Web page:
A/ Financing is important, but you need to provide “way” more detail on this.
B/ Take the societal impacts into account? Okay. What happens if your own studies say that your program is impractical?
C/ High education to everyone? Government controlled, or free market?
D/ Making investment in research? Okay, but how long will the research take to complete? Remember, this is only a 10 year plan
E/ Directing investments? Great, though again, we need more detail.
F/ Ensuring the democratic process? That “sounds” great, but this can only be achieved by “taking away” people’s rights.
G/ Guaranteed jobs and training?
H/ More guaranteed jobs.
I/ Strengthening their rights, yet this deal can only be achieved by “removing” rights and imposing it.
J/ Strengthening H&S laws? Normally I would be totally on board with this, but it context of everything else, it is chilling what the details will look like.
K/ This may be poor wording, but how does one “transfer pollution”? Also, why would you worry about borders? Don’t you want to abolish ICE?
L/ Protecting public lands? Actually a good one.
M/ Consent from Indigenous Peoples? Okay, will you still go ahead if they say no?
N/ Prevent unfair competition? But don’t you “ensure” it, with this government monopoly?
O/ Guaranteed health care, housing, jobs, necessities
4. Final Thoughts
While this all sounds great, the details (and lack of) are scary. Not only that, the authors seem totally unaware of how self-contradictory the GND is.
Alexandria Ocasio-Cortez repeatedly RELIES ON financial incentives to sell the program, yet AVOIDS any talk of how this will be paid for.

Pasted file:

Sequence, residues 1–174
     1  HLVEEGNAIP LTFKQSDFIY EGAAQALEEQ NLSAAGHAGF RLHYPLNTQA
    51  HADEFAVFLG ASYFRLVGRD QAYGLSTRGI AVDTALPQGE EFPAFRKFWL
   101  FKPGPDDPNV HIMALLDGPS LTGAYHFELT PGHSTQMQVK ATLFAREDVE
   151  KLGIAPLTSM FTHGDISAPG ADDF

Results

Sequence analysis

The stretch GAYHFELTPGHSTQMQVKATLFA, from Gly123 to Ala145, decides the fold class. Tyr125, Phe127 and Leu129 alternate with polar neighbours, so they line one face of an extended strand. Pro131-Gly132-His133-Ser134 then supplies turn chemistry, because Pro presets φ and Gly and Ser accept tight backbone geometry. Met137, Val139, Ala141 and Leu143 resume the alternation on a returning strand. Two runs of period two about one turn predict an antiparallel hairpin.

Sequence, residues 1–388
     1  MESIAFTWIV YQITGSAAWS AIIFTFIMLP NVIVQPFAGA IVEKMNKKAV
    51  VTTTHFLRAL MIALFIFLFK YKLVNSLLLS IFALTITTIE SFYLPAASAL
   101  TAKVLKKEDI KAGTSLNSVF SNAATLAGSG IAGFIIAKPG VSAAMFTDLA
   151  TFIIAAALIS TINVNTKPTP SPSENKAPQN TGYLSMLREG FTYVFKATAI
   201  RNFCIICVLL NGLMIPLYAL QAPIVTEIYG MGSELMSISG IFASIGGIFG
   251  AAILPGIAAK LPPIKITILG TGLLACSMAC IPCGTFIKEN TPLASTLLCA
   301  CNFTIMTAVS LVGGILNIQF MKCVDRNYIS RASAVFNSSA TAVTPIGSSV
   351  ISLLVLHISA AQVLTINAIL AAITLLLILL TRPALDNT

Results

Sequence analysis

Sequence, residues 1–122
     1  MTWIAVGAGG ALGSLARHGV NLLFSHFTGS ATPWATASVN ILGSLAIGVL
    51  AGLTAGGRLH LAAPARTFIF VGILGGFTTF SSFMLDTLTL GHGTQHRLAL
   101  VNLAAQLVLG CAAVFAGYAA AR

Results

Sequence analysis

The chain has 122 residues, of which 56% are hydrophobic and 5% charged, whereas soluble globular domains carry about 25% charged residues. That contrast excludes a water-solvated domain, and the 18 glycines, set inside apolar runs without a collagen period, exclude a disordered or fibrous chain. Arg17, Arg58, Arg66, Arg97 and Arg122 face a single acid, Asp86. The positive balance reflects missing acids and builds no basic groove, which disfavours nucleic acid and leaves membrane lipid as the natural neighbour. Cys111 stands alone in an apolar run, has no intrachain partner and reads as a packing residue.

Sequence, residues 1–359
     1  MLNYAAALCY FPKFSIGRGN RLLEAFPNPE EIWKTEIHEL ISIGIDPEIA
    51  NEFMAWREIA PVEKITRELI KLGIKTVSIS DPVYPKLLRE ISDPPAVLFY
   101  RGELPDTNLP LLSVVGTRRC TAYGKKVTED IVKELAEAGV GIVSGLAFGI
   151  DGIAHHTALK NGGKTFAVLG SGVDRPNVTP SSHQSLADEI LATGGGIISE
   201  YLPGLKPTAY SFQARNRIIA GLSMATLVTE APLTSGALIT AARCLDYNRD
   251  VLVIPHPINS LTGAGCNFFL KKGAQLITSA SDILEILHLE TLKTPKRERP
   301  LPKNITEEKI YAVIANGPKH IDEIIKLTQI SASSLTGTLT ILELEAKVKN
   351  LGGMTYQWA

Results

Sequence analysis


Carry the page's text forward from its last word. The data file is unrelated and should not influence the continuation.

Further she talks about GIVING rights and discretions to groups and how they run their lives, yet implementing this will require TAKING rights away.
The deal mentions EQUALITY many times, but entire sections are devoted to divisive IDENTITY POLITICS and to pandering to specific groups.
The Green New Deal is to PROVIDE new opportunities and entitlements for everyone in America, yet involves SHUTTING DOWN entire sectors of the economy.
All of these promises are made that the social service needs of AMERICANS will be met. However, Ocasio-Cortez promotes OPEN BORDERS IMMIGRATION, which would see those services overrun.
For this deal to be implemented in any real form, any and all rights of citizens (to oppose) it would need to be taken away, and the deal imposed by force. Even then, it would bankrupt the USA long before it ever became reality.
This is Part III of a story involving economics Professor, Derek Pyne. Pyne published a paper studying the economic impacts of “predatory publishing” in academic journals. This led to international attention.
Predatory Journals In Essence
-Mailbox addresses (suites) given in address
-Journal no one has heard of before
-Very quick turnaround times
-Questionable, if any, peer review
-Questionable “Impact Factors Analysis”
-Real journal will provide abstract, fake will make you buy entire article, paywall
Pyne had been suspended in the fall of 2018. He cited several reasons, including this publication. In the interest of fairness, Thompson Rivers University was contacted for their side of the story.